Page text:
Dessicated Coconut

Movies 3

Mark Waldman

Plot Synopsis: In 1975, Indonesia invaded Timor-Leste (East Timor in English), tacitly backed by the US and Australia, who felt it would be easier to negotiate with the Indonesian government for East Timor's undersea oil reserves.  On August 30, 1999, East Timor held a referendum to vote for independence from Indonesia.  UN peacekeepers were sent to the island to supervise the voting process.  The story focuses on three main characters: Julie Fortin (a Canadian volunteer officer), Mark Waldman (an Australian volunteer officer), and Ismenio Soares, an East Timorese translator whose father is on the local militia's "death list".  Following the vote, as violence and bloodshed erupt, the UN is forced to break its promise to the East Timorese and evacuate the island.  During an attack on a UN convoy, Ismenio and his family disappear.  Back home, Mark, racked with guilt over those he left behind, vows to keep the UN's promise, return to East Timor, and help restore justice.

Character:  Mark Waldman

Notes:  David has been a member of the Australian East Timor Association (Sydney chapter) since the early '90s.  From the East Timor News Digest:
Wenham is the kind of actor who collaborates with the character he plays in order to create an inseparable fusion of fact and fiction.

It's increasingly difficult to detect where his characters begin and where Wenham evanesces. And he is terrific in this series, gravely intelligent and, out of respect for his fellow actors one suspects, decently self-effacing for someone so charismatic.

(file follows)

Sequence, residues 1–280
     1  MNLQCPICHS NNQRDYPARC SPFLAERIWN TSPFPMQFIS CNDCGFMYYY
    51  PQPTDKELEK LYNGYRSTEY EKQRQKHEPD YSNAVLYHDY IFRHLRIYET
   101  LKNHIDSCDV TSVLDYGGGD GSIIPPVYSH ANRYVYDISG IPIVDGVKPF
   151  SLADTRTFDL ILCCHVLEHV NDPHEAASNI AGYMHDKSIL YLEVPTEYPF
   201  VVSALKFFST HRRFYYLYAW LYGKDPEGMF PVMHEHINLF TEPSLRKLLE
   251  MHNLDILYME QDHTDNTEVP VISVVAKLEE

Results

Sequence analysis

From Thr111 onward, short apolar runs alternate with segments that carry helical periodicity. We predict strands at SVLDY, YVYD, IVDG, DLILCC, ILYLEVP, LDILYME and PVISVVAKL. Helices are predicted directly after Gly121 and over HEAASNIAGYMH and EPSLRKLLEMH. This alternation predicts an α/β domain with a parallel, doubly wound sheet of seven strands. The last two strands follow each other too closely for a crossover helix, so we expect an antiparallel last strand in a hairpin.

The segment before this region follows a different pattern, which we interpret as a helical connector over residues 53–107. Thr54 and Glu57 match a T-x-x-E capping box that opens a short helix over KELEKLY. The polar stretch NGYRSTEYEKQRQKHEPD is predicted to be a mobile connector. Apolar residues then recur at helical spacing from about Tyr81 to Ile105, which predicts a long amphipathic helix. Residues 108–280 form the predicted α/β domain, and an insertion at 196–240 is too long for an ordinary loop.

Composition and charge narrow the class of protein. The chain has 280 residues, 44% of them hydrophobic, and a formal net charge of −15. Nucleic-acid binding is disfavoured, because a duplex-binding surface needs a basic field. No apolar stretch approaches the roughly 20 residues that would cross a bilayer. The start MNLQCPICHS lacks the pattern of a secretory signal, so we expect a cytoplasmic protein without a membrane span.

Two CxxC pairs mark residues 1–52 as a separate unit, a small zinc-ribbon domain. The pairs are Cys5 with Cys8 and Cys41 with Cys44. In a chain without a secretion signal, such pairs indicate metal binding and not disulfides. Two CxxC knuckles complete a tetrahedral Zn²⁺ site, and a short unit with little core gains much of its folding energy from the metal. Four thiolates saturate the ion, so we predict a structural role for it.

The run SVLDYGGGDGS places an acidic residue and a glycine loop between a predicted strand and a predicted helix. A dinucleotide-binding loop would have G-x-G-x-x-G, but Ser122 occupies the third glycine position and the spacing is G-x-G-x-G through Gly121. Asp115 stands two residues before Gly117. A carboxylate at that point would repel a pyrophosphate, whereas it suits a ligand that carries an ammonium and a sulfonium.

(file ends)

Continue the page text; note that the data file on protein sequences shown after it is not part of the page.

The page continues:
Asked how closely he had followed events in East Timor, the answer is emphatic: "Very. Full stop. Or exclamation mark," he says in a phone interview. "I saw a documentary, John Pilger's Death of a Nation: The Timor Conspiracy, and it affected me and angered me, so I joined the Australia-East Timor Association to get information on what was happening there."

In 2006, just as Answered By Fire was airing in Australia, Timor-Leste plunged into a crisis which nearly ended in a civil war. The democratically elected Prime Minister came under intense pressure and was forced to resign. A UN sponsored team of investigators was sent to Timor-Leste to investigate what had taken place. At least 30 people died and over 100,000 people became displaced. New presidential and parliamentary elections are set for the first half of 2007.

Drool Factor:   greenbucket2.jpggreenbucket2.jpg greenbucket2.jpggreenbucket2.jpg greenbucket2.jpg Two words: Police uniform.

Screentime:  clock.jpg clock.jpg clock.jpg clock.jpg
Nerdometer:  nerdometer4.jpg
Content:  gun.jpggreek.jpgheart.jpgshower.jpgbandaid.jpg  Waterfall, kissing, sobbing guilt breakdown